MBS co-payments could ensure sustainable telehealth market

A new telehealth industry group has recommend that a co-payment capability be introduced to the telehealth MBS item schedule, as well as a broadening of the range of clinical services available under publicly funded home care packages and hospital in the home, to extend the use of telehealth and ensure a sustainable market.

Launching a white paper in Canberra this morning, the One In Four Lives industry group argues that a national telehealth strategy be developed to take full advantage of the potential of telehealth, which it says can dramatically cut hospital admissions for chronic conditions and as a result slash public hospital costs by around $4 billion a year.

The One in Four Lives white paper was written by Lisa Altman of BT, Shehaan Fernando of Philips, Anywhere Healthcare's Sam Holt, the University of Western Sydney's Anthony Maeder and George Margelis, executive director at MPT Innovation Group Gary Morgan, and ‎Suzanne Roche, general manager of policy and government relations at the Australian Information Industry Association (AIIA).

The group says the name of the new body reflects the fact that more than seven million Australians, or one in four, are now or will eventually be affected by chronic health conditions.

The authors argue that it is time to move beyond pilots and funding for individual programs, and “instead support a more flexible funding model for telehealth that will allow the whole of the health industry to develop cost effective models of care”.

“The real challenge in telehealth today is not the development of the appropriate technology, which is already widely available,” the paper states. “The real challenge in telehealth today lies in creating sustainable, profitable business models that can meet the needs of governments, services operators, clinical practice and patients.

“Any new model will need to utilise a hybrid of government and user pays funding for telehealth to be sustainable and scalable.”

It makes six recommendations, the first of which is the development by the federal government of a national telehealth strategy for a sustainable market.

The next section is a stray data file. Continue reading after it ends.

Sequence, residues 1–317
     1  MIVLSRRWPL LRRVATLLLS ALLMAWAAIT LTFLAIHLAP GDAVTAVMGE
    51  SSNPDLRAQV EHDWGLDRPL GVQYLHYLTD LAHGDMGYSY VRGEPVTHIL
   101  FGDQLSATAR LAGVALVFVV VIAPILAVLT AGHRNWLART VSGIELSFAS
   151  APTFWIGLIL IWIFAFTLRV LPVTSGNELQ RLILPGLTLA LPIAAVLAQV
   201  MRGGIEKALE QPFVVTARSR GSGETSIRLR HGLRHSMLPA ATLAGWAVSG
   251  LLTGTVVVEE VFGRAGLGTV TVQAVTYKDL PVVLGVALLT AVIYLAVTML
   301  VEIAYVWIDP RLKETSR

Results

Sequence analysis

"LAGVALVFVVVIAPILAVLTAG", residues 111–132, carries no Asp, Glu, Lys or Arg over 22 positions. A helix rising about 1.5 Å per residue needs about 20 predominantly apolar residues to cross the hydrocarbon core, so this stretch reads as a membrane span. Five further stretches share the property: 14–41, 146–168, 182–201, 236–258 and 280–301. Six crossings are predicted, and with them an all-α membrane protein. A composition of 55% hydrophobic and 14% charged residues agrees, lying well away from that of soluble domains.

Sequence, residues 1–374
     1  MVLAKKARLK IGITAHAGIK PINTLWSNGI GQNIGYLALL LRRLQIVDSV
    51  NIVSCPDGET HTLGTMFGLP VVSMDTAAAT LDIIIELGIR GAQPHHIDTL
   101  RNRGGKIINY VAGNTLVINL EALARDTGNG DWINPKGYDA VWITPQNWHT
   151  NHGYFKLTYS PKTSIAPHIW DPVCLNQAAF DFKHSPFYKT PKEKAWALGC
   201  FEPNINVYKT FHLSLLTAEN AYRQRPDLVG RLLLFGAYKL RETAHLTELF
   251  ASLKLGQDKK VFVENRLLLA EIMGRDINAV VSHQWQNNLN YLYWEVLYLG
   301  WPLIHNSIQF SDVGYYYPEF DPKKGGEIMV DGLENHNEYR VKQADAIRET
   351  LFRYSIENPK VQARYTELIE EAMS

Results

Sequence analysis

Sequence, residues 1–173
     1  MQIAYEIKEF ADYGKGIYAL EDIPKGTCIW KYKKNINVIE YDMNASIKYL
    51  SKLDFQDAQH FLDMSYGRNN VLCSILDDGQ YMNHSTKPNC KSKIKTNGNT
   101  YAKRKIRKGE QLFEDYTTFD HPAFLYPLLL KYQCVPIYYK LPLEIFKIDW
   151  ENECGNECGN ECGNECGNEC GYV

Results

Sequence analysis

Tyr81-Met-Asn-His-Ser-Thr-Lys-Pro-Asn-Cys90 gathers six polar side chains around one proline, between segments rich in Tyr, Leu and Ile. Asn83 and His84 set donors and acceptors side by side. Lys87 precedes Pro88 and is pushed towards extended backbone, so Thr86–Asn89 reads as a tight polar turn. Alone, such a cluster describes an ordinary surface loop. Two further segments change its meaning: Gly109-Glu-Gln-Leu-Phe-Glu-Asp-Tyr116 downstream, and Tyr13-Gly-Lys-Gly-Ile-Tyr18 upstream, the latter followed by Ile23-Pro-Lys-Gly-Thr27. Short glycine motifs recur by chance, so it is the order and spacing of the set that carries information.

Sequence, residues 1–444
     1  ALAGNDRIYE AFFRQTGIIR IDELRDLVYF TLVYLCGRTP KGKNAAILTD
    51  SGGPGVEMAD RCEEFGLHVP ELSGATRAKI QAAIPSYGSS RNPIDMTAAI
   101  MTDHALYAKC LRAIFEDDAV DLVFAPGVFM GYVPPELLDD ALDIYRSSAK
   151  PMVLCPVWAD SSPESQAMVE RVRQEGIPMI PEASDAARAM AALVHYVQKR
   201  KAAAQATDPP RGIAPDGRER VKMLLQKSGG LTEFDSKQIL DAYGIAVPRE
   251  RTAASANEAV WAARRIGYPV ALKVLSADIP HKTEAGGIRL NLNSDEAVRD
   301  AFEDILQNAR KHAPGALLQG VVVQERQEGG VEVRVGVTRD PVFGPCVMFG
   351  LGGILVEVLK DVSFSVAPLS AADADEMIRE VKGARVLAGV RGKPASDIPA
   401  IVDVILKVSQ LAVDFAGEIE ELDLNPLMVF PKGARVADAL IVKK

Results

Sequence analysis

It also recommends that MBS telehealth items continue to be supported for consults provided by GPs, specialists and residential aged care facilities, but with a co-payment capability introduced otherwise.

“[We recommend] the introduction of the ability to claim the Medicare rebate at point of consultation – as with the traditional model – with the patient charged only the gap between the specialist fee and the rebate.”

The group argues that the healthcare industry cannot expect to operate telehealth services that are 100 per cent reliant on government funding.

“They must develop services that offer consumers an improvement on existing models of care that will warrant some level of co-payment in lieu of other costs that may be associated with long waiting times, travel or worsening health.

“The introduction of some level of co-payment is likely to have a positive effect both in terms of industry’s willingness to invest in the sector and on the value consumers place on telehealth services,” although it warns that without well-devised government funding decisions the costs of telehealth will become too great for providers to deliver and for patients to afford.

It also recommends that:

  • the eligibility for existing MBS attendance items be broadened to allow for coordinated care through multidisciplinary teams using technologies such as store and forward and the remote monitoring of vital signs for chronic conditions
  • home care packages provided on a consumer-directed care basis allow for clinical services from GPs and specialists as well as the existing services from nurses and allied health
  • the delivery of acute care in the home be broadened beyond prescribed conditions such as DVT and cellulitis to fund all clinically appropriate acute care services
  • the Productivity Commission review the complete funding structure for healthcare, including the MBS, activity-based funding and private contributions, in light of a national telehealth strategy, with a 'best practice repository' established to evaluate the relative successes and failures of existing programs.

It argues that many countries around the world that are struggling with increasing healthcare costs have introduced reform agendas including the adoption of new models of care and enabling technologies, which has led to the creation of substantial eHealth strategies including telehealth.

“Australia’s eHealth plan has notably omitted this area, and despite the introduction of the MBS video consultation items and a considerable number of localised independent clinical and commercial activities in telehealth, there has been no clear government direction on how the telehealth landscape should unfold,” they write.

“With appropriate high level direction setting driven by a national strategy or set of sectoral strategies, telehealth could be marshalled to play a major role in enabling changes to the service models and the delivery required to respond to the needs of both the primary and acute sectors.”

Posted in Australian eHealth

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